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Intraductal papillary neoplasm of the bile duct with invasive carcinoma—A case report


1 Department of Pathology, King Khalid University, Abha, KSA
2 Department of Laboratory Medicine, Aseer Central Hospital, Abha, KSA

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Date of Submission07-Aug-2021
Date of Decision16-Sep-2021
Date of Acceptance20-Nov-2021
Date of Web Publication26-May-2022
 


How to cite this URL:
Fatima S, M. Badri RN. Intraductal papillary neoplasm of the bile duct with invasive carcinoma—A case report. Indian J Pathol Microbiol [Epub ahead of print] [cited 2023 Jan 29]. Available from: https://www.ijpmonline.org/preprintarticle.asp?id=345897




Dear Editor,

Intraductal papillary neoplasm of the bile duct (IPNB) is a rare bile duct epithelial tumor accounting for 4% to 15% of bile duct tumors. IPNB is mainly found in patients in Far Eastern areas, such as Taiwan, Japan, and Korea, where hepatolithiasis and clonorchiasis are endemic.[1] It is included in World Health Organization classification, 2010 as precursor of intrahepatic (IH) cholangiocarcinoma and is characterized by dilated IH bile ducts filled with a noninvasive papillary or villous biliary neoplasm covering delicate fibrovascular stalks.[2] It is a variant of bile duct carcinoma that is characterized by intraductal growth and better outcomes compared with common cholangiocarcinoma.[1] We present a 22 years old female with abdominal pain and loss of appetite which on histopathology proved to be IPNB with invasive carcinoma.

A 22-year-old female patient presented with right-sided abdominal pain off and on, loss of appetite for a month. Alanine aminotransferase (ALT)-232 (Normal 0-41 U/L), aspartate aminotransferase (AST)-143 (Normal 0-37 U/L), but all other investigations were within normal range. Computerized tomography (CT) abdomen revealed an 8.4 × 7.2 × 9.0 cm lesion occupying the left liver lobe. The liver had preserved texture with no evidence of nodularity and patent portal vein. Gall bladder, common bile duct, pancreas, spleen, both kidneys were grossly unremarkable. No enlarged mesenteric lymph nodes, free fluid, or free air are seen. No evidence of lytic lesion is seen in lumbar spine [[Figure 1]: a1]. Chest CT: was unremarkable. Magnetic resonance imaging (MRI) of the abdomen revealed average-sized liver with left liver lobe showing large well-defined lesion measuring 8.7 × 8.5 × 7 cm with peripheral nodular infiltrations [[Figure 1]: a2]. Left hepatic lobe hepatectomy was done. Gross examination of left hepatectomy specimen measured 17 × 13 × 10 cm and cut section showed fragile tumor measuring 11 × 11 × 6.5 cm having brownish nodular surface. Histopathology revealed papillary neoplasm covering delicate fibrovascular stalks with areas of invasion [Figure 1]b, [Figure 1]c, [Figure 1]d. Histological grade: well-to-moderately differentiated tumor confined to hepatic parenchyma with IH vascular invasion was noted. Surgical resection margins were free of tumor, pT2 NXMX. Immunohistochemistry revealed cytokeratin (CK) 19, epithelial cell adhesion molecule (EPCAM) and CK7 positivity [Figure 2]a, [Figure 2]b, [Figure 2]c and CK20, hepatocyte paraffin-1 (Hep Par-1) [Figure 2]d, paired box gene-8 (PAX-8), and estrogen receptor (ER) negativity. It was diagnosed as IPNB with associated invasive carcinoma grade 2.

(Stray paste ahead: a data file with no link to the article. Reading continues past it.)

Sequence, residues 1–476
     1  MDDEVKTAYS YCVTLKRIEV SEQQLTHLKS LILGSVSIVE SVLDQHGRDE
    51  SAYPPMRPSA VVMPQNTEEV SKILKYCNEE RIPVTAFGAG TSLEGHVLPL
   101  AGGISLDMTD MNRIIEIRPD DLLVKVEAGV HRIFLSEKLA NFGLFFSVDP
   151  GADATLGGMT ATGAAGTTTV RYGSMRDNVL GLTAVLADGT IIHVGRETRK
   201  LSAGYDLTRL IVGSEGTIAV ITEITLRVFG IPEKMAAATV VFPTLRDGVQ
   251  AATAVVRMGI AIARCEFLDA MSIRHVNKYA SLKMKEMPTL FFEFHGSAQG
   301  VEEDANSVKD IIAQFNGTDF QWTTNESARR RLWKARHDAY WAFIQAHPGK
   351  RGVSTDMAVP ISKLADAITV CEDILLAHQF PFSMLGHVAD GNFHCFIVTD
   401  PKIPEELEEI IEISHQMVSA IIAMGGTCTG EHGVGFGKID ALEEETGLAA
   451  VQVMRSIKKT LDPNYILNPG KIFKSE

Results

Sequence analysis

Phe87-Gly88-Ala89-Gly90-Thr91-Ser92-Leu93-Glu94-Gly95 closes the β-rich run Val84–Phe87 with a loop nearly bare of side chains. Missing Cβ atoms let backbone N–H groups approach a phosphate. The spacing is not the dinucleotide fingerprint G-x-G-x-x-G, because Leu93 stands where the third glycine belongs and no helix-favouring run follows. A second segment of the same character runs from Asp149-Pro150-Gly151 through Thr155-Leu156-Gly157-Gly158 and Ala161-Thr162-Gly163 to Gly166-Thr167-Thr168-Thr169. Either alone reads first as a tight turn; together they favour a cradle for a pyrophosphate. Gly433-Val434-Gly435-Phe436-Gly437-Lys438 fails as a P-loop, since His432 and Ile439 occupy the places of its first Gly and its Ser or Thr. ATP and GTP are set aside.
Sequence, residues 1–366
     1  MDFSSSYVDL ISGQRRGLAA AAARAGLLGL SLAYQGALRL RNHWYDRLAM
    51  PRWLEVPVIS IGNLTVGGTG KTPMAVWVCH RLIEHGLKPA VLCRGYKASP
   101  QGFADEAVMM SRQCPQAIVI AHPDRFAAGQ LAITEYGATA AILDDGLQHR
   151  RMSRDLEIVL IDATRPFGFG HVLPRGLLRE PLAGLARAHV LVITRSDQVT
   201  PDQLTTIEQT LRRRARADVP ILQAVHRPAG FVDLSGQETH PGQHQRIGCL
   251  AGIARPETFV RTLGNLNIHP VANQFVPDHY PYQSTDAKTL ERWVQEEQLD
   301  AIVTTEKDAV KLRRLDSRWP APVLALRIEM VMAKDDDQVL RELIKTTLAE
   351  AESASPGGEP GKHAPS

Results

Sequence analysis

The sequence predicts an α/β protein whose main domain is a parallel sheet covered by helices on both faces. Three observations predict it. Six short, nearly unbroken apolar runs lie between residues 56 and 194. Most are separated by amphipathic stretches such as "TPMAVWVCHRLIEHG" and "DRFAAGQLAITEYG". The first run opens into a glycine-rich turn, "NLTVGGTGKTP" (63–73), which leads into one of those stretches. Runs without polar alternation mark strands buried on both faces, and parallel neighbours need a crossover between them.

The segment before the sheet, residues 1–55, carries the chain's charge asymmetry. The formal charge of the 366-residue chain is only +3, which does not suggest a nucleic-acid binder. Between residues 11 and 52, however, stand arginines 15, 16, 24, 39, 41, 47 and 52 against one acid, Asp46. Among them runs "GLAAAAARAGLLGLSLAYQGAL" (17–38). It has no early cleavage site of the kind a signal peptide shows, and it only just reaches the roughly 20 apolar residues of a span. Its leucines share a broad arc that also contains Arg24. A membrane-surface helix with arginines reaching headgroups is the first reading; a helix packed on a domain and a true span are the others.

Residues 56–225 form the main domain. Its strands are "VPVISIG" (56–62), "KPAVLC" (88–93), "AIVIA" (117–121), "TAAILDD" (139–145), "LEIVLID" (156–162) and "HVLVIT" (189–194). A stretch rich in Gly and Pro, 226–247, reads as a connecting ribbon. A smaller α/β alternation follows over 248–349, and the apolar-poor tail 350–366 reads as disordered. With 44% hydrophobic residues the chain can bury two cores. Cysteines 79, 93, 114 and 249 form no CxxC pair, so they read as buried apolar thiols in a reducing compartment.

Figure 1: a1. Computed tomography (CT) showing 8.4 × 7.2 × 9.0 cm lesion occupying the left liver lobe. a2. Magnetic resonance imaging (MRI) showing large well-defined lesion showing peripheral nodular infiltrations in left liver lobe. b. Section of liver showing large papillary tumor filling the intrahepatic bile ducts (black arrow) and hepatic parenchyma (blue arrow). c. The cyst is lined by epithelium thrown into papillary processes. d. Section of liver showing an area of invasive adenocarcinoma into the liver parenchyma, tubular type. (Hematoxylin and eosin: b × 10×, c × 20×, d × 40×)

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Figure 2: a. Immunohistochemical study a. Showing cytokeratin (CK) 7 positivity in neoplastic cells (CK7 × 40×) b. Showing CK19 positivity in neoplastic cells CK19 × 20×) c. Showing EPCAM (epithelial cell adhesion molecule) positivity in neoplastic cells (EPCAM × 20×) d. Showing Hep par-1 negativity in neoplastic cells (Hep par-1 × 20×)

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IPNB is an epithelial tumor with intraductal papillary proliferation. The prevalence of IPNBs among biliary neoplasms was found to be 4%.[3] It was recognized as a distinct biliary tract disease by the World Health Organization in 2010 where it was included in precursor and early lesions category of IH cholangiocarcinoma[2] prior to which they were grouped as biliary papilloma and papillomatosis.

The most common clinical manifestations of patients with IPNB are right hypochondrial pain, repeated episodes of acute cholangitis, and obstructive jaundice. Anemia and loss of body weight are relatively less common.[1] Our patient presented with abdominal pain and loss of appetite.